R-omes aren’t build in a day

where R ∈ {Prote, Interact, Gen, …}

Tommy Carstensen

[…] built a model of DNA out of LEGO bricks (of PDB entry 2DAU, to be precise) to celebrate the 40th anniversary of the PDB. The clip also has educational value, explaining some of the basics of DNA structure and more.

[posted by Gerard J. Kleywegt via pdb-l mailing list (pdb-l@sdsc.edu)] For all those which are under the jurisdiction (=curse?) of the GEMA: the video (mp4) can also be found here.

Thanks Tommy! I already feared the art of building models would be totally lost, so I am really happy to see this. Structural models, especially physical ones, are very central to the understanding and progress of molecular biology. It’s important not to get discouraged by those guys who hide their inability to think beyond a single dimension (sequence) behind a smug attitude towards our “toys” – they didn’t get the point. I’m convinced we won’t be able to make sense out of the high-throughput data without understanding the underlying structures and interactions, no matter how many petabytes of sequencing data are being accumulated. Don’t get me wrong: sequencing delivers important data, but it’s just part of the picture.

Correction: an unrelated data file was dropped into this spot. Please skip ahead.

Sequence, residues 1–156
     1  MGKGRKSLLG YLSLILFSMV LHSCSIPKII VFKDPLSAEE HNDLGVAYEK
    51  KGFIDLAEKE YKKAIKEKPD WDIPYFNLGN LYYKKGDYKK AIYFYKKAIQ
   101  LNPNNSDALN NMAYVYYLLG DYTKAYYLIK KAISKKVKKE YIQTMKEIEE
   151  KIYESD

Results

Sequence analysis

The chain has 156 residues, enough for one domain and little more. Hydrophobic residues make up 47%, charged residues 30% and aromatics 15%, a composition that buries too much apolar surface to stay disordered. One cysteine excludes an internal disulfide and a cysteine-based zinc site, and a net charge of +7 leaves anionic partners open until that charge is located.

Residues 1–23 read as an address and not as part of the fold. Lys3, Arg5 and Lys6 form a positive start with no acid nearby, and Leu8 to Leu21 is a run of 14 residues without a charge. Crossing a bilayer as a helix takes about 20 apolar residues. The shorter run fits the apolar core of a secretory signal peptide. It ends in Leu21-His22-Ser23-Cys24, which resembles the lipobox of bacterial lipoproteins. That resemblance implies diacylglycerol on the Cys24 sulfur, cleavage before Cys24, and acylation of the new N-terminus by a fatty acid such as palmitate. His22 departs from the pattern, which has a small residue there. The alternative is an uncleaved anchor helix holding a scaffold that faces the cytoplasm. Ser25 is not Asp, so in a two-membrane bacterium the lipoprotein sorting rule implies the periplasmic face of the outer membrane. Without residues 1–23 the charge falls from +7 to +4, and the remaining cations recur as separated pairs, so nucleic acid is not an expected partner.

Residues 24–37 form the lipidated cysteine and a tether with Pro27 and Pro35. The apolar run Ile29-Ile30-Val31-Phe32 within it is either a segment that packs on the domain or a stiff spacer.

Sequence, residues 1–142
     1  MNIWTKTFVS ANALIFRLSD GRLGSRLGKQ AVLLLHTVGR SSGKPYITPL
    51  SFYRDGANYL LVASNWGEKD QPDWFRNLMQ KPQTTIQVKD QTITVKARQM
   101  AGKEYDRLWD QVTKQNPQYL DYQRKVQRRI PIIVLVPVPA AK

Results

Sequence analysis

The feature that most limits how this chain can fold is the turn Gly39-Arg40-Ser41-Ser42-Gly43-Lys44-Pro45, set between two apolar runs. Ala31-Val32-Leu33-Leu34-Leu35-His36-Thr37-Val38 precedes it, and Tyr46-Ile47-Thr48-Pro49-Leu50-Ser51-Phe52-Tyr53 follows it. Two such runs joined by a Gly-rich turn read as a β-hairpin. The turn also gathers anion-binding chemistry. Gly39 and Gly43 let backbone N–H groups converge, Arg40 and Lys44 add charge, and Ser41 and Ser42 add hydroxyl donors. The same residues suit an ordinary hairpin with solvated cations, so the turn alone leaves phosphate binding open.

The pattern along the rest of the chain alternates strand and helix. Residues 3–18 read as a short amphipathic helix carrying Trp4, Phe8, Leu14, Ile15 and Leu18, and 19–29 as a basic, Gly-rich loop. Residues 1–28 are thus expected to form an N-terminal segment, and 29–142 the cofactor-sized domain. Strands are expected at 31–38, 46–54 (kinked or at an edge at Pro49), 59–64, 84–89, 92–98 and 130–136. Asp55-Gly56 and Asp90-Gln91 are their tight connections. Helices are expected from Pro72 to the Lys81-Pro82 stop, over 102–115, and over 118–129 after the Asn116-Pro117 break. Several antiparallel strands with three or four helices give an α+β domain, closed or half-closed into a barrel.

This is an opportunity to point out the pioneering work that has been done in establishing the PDB as a central resource for structural data. A nice account of the history and lessons to be learned for the current open science movement and open linked data efforts is “The PDB wasn’t built in a day: lessons in data sharing” by Maria Hodges on her blog “Wood for the trees“. See also her entertaining and insightful post on “How to build a bad biological database“.

Many disciplines are struggling with how to store and organize data, but we can all learn from the slow and steady progress of the PDB.

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  1. #1 by cistronic on 2011/12/27 - 11:53

further hints, constructive criticism, questions, praise

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